Cricut Maker Review

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Hi everyone!

Some of you may remember a few months back I showed you how to use the Cricut Maker to cut fusible applique.  (I made you a free pattern in the process and you can see that post here…)

I mentioned that the Cricut Maker (unlike many other digital fabric cutters) can actually also cut unstabilized fabric, which is just amazing!!!  I knew the next application I’d want to test it for would be English paper piecing.  More on that below… after a quick tour of the Maker.

First of all, this machine can cut everything!  From vinyl and iron-on adhesives, to balsa wood, matboard and leather.  Even silk gauze would not be a problem in this machine!

That is because it has 3 blades so you can really tailor your tools to suit your project.  The Knife Blade can cut chipboard, matboard, and dense things like balsa wood.  The rotary blade cuts fabric so naturally is my favorite!  And the Bonded Fabric Blade cuts fabric with an iron-on adhesive backing.  You don’t have to fiddle with inserting the blades correctly because the Cricut Maker can actually detect the direction of the blade once you insert it into the machine.  Isn’t that crazy!

From left to right, the Knife Blade, the Rotary Blade, the Rotary Blade Replacement Kit, the Bonded Fabric Blade.

And because it has a place for a pen, you can actually draw on your designs using the markers that are available in a variety of widths and colors.  So you can have the machine draw out a card design, score it, and cut it out!

It has a Print-Then-Cut Feature within the software that allows you to print a pattern or design on your printer and then cut it out using the Maker.  (The Maker can actually detect the drawn lines!!!)

But the REAL key to my heart, of course, is the sewing tools.  They offer everything from a Sewing Tool Kit to Leather in a variety of colors, plus they have a rotary cutting blade that you can use to cut materials AS THIN AS GAUZE! (Be still my beating heart!)  When I saw the Washable Fabric Pen shown here I had an idea for how to adapt english paper piecing-style patterns in a large format to machine piecing using the Maker to ensure accuracy.  I’ll show you that later.


The Cricut Access software is very easy to use.  You can pick a free project to make (there are hundreds of options online), upload your own, or pay a low monthly free to get access to hundreds of more designer projects.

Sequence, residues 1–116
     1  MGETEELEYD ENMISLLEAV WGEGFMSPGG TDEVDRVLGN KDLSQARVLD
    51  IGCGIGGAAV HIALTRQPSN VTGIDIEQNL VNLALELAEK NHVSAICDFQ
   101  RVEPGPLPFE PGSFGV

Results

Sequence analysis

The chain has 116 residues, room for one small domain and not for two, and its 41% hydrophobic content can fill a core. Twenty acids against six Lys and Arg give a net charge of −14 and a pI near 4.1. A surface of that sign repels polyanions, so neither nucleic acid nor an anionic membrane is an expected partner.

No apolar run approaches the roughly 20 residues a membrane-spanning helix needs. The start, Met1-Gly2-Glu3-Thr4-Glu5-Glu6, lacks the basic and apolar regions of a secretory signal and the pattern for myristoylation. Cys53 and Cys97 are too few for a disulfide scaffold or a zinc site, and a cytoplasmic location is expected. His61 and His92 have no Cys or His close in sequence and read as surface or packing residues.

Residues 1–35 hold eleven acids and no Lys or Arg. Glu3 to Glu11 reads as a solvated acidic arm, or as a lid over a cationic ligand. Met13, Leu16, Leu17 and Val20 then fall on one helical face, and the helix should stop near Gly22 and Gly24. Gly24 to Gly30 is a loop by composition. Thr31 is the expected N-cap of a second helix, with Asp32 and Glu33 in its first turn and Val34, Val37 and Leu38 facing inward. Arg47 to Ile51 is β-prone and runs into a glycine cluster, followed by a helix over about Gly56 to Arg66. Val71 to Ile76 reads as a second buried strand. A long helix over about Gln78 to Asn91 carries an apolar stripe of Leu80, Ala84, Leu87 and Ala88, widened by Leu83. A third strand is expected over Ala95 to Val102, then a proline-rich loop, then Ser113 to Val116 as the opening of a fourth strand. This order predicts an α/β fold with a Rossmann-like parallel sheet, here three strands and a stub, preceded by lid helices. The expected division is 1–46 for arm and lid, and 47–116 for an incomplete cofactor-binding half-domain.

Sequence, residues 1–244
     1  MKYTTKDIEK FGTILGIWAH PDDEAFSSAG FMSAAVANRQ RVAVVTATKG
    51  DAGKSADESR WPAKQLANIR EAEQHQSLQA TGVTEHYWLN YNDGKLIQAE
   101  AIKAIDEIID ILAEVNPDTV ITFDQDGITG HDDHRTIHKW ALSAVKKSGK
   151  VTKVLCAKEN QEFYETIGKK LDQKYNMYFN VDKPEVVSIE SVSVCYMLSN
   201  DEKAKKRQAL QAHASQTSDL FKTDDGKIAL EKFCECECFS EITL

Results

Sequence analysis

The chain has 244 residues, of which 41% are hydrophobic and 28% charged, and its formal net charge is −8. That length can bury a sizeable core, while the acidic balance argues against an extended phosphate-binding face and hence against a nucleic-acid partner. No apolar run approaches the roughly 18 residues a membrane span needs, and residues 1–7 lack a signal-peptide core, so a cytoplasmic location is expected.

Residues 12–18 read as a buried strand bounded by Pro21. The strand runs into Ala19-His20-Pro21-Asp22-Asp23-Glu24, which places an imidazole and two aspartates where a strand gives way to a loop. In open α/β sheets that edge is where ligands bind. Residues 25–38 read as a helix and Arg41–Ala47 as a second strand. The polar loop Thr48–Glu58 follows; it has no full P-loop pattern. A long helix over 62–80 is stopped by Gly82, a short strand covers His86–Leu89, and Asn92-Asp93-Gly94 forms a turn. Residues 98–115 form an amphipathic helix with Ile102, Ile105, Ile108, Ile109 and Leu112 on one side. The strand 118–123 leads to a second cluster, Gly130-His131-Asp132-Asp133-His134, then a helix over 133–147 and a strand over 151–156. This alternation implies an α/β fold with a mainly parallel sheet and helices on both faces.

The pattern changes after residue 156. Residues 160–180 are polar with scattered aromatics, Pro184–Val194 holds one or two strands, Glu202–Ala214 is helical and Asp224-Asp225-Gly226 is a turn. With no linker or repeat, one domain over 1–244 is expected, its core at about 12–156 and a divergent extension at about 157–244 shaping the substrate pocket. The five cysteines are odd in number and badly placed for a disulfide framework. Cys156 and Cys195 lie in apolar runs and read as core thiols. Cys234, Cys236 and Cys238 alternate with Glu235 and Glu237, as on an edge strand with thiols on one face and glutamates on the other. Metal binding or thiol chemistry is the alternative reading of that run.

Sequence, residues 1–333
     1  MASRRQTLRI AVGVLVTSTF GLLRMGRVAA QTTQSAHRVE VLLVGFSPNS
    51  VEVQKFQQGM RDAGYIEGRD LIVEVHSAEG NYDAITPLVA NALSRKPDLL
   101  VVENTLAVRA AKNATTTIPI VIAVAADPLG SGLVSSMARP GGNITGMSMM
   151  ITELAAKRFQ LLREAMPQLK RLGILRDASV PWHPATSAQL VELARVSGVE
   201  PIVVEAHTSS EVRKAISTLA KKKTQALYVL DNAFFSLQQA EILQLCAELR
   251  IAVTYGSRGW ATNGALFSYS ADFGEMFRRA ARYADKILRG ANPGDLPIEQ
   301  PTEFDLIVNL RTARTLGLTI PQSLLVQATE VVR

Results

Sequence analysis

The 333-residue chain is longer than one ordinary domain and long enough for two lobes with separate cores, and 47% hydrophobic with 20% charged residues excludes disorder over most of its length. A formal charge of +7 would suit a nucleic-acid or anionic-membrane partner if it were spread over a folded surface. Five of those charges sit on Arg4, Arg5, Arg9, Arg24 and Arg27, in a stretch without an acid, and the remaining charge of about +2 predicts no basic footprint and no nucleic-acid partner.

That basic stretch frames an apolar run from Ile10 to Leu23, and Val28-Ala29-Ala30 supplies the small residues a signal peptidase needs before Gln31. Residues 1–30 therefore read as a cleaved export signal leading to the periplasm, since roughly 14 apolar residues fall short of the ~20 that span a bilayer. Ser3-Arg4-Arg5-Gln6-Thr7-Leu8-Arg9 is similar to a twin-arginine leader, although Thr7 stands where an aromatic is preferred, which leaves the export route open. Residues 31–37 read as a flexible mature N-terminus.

Some paper crafting projects in Cricut Access…


And some sewing projects in Cricut Access!

Some of you might remember that I made a fun little applique project the day after I received this machine.  I was so excited! You can find the post about how to do this here.

Well, when I realized how well the Cricut Maker cut unbonded/unstabilized fabric, I knew it would be the perfect thing for cutting English paper pieced projects.  With those type of projects you want to cut out a shape that is apprximately 3/8” larger on all sides than your template.  But you don’t want fusible applied to the fabric so it would be difficult to cut with a knife blade on many of the machines out there.  So I drew a hexagon in Cricut Access and scaled it the appropriate amount.  (If you had a custom shape not available in the tools you could scan it and import it into Cricut Access and scale it up.)  Then I simply cut out my shapes!

Setting up the hexagons in Cricut Access…


They are all ready to go!

So this got me thinking… I’ve always wanted to do English paper piecing-style designs in large format using a sewing machine.  What if I could use the washable fabric pen to mark my fabric?  (I’d want the lines to be on the wrong side of the fabric so it would be important to place it right-side down.)  And the Cricut Maker did this no problem.  AMAZING!

Setting up my file in Cricut Access – note that the registration marks are drawn lines and the hexagon is a cut shape.



I have a hexagon pillow in my future pieced entirely on my sewing machine.  I really think making the registration marks on the Cricut Maker would simplify the process.

If you would like to see a video on this process I made one you can view here.

All in all, I can’t recommend this machine enough.  I love the features, especially the rotary blade and hope this little tour was helpful to those of you who have wondered how it stands out from its competitors…

Happy quilting (and cutting!),


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